ERIE – The adoption process can be long, arduous, and emotionally draining for those involved. The journey itself can be filled with unexpected twists and turns, with birth mothers and adoptive parents often left to navigate the journey solo.
One Erie-based adoption agency is trying to change the culture surrounding adoption, and act as a navigator for both the adoptive family and the birth mother.
Absolute Love Adoptions, a 501(c)3 nonprofit adoption agency, takes a comprehensive approach to adoption by providing education, counseling, information, and other services for all those involved in the adoption and beyond.
“Adoption is social work and should be treated as a social service, not a business,” Absolute Love Adoptions Director Kathryn Russell said. “As such, Absolute Love has designed our program and its implementation to focus on individualized care, with connection, education, and community at its heart.”
Russell, who has had a lifelong love for children, initially wanted to work in international adoption, but decided to go in a different direction after seeing how much of each child’s and family’s fate was determined by political forces. An internship while studying for her Master’s degree at the University of Pittsburgh set her on a path toward Absolute Love.
“I had no idea where I wanted to do my internship I didn’t know who was doing adoption locally,” Russell said. “There was a large agency that had a branch in Pittsburgh, and apparently a social worker before me had done all the work to set up this agency as a potential option for internship for people, and then she didn’t pursue the internship. So Cheryl, who was the supervisor on the other end, was all set up to have an intern and then didn’t get one.
“And then I came along, and it was perfect,” she continued. “I ended up interning with her for two years, and she was the founder of Absolute Love. So I was learning her style of doing adoptions, domestic adoptions, through Absolute Love. And then still learning international, domestic, and all of that through a large agency through her primary job and through my internship, so it really became this amazing learning experience about how it all works.”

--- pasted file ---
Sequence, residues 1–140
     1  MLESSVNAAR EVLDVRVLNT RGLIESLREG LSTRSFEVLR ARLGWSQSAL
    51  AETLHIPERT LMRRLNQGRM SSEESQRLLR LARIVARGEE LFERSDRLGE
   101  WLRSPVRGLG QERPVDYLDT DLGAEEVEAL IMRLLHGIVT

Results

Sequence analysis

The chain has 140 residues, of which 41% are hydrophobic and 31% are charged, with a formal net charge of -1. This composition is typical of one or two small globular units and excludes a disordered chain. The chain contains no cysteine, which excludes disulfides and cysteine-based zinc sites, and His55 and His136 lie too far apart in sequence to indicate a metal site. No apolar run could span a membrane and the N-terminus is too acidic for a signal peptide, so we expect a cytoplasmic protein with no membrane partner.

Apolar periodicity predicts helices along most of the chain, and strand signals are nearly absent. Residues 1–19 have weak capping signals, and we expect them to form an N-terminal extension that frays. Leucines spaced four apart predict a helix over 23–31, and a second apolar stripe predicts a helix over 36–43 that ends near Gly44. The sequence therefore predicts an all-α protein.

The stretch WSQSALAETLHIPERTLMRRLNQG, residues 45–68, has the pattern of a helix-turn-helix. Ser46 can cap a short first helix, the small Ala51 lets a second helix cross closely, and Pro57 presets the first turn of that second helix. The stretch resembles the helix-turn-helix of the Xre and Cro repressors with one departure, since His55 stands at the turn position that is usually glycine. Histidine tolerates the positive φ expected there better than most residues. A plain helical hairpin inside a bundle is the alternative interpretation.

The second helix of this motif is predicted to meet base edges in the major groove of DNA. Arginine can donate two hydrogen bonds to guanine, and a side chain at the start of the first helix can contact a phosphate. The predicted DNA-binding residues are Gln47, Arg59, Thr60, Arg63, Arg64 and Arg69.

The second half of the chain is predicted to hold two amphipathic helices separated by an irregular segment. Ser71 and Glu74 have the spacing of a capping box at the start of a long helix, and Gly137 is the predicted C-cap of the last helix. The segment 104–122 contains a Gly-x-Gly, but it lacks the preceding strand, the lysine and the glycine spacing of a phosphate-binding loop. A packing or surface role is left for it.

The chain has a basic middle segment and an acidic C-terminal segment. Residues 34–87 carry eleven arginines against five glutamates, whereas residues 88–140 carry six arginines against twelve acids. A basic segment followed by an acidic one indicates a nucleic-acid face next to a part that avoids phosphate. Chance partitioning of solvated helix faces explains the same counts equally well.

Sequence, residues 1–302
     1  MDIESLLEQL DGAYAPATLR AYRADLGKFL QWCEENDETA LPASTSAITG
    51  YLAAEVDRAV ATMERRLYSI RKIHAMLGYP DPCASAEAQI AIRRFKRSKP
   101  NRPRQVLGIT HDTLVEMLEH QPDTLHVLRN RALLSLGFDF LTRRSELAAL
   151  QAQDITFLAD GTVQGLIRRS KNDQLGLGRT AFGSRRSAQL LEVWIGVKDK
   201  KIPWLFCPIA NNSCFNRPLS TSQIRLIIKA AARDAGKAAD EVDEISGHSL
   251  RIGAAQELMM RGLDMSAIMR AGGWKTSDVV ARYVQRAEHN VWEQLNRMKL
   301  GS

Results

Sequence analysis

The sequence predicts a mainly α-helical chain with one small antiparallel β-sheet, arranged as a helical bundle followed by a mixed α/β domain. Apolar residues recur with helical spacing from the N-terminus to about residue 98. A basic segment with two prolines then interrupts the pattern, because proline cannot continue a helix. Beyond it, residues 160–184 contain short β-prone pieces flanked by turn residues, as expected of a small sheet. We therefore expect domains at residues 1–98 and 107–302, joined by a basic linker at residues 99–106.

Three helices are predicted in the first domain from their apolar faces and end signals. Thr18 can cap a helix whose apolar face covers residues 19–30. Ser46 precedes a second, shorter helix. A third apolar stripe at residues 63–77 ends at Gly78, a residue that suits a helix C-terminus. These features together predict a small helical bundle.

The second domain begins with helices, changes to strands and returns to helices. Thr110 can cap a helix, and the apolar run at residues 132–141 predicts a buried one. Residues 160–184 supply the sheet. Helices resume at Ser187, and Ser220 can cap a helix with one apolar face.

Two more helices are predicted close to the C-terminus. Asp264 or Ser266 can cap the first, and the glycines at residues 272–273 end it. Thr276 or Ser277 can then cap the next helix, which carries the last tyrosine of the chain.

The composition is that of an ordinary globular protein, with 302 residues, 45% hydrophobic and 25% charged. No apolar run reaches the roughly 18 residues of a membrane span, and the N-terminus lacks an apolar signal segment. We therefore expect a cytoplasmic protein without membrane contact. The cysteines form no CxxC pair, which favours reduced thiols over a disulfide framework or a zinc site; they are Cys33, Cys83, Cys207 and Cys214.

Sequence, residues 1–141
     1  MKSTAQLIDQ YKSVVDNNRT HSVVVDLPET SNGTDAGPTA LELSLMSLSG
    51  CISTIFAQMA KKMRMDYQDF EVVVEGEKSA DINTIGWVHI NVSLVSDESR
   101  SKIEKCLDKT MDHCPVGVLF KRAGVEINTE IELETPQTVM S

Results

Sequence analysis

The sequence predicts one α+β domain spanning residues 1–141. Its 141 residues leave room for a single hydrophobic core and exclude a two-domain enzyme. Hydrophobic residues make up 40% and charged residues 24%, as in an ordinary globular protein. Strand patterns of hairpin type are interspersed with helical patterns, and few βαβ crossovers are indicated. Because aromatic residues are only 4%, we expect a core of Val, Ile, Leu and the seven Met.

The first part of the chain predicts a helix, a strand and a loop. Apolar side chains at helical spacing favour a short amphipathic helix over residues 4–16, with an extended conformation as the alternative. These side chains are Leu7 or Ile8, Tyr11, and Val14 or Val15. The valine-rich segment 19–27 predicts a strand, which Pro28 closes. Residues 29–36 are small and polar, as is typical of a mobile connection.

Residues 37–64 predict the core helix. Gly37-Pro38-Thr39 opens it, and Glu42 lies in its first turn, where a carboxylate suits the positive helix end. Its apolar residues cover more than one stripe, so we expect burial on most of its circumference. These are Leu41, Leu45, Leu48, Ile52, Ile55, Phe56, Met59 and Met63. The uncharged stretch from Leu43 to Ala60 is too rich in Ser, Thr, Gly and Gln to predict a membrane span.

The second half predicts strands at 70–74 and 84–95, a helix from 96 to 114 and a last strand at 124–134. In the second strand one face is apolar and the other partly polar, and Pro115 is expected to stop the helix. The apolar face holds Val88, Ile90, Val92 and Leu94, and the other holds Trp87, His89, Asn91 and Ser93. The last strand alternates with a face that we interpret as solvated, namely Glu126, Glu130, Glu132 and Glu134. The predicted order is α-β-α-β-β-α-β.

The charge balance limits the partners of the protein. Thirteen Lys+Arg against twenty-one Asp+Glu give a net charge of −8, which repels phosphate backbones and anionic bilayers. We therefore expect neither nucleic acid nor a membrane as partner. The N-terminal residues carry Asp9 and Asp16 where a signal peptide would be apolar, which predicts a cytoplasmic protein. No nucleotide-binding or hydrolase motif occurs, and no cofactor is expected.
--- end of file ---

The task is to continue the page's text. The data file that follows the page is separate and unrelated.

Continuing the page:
The way it works at Absolute Love is different than in many adoption agencies. Absolute Love strives to be a presence throughout the process. Conducting home studies, providing education, support, and guidance, coordinating care and information after birth, and making multiple post-placement visits are just a few ways Absolute Love supports placing families.
They also provide counseling, education, and information to mothers looking to place their child for adoption. And those services don’t stop once the child is placed.
“After placement, we continue to see our clients consistently for several months before gradually tapering off visits,” Russell said. “However, we continue to stay in touch indefinitely. Some families choose to communicate through the agency with their child’s birth parents, and we are often involved with annual visits between adoptive and birth families. We have sustained relationships with all of our clients. After placement we provide funding for lifelong counseling should a mother need it and insurance not cover the costs. We also offer our clients scholarships for any birth mother retreat they’d like to attend.”
Russell said the agency has recently begun collaboration with The Erie Family Center, Birthroot/Emmas Footprints, Erie City Moms, Erie Doulas, and local therapists to help provide clients with the continued care they need.
Part of that continued care is the ability for friends and family to purchase gift boxes for birth mothers to receive post-adoption. The boxes, which are available for $59.99 on the Absolute Love website, serve a multi-pronged purpose.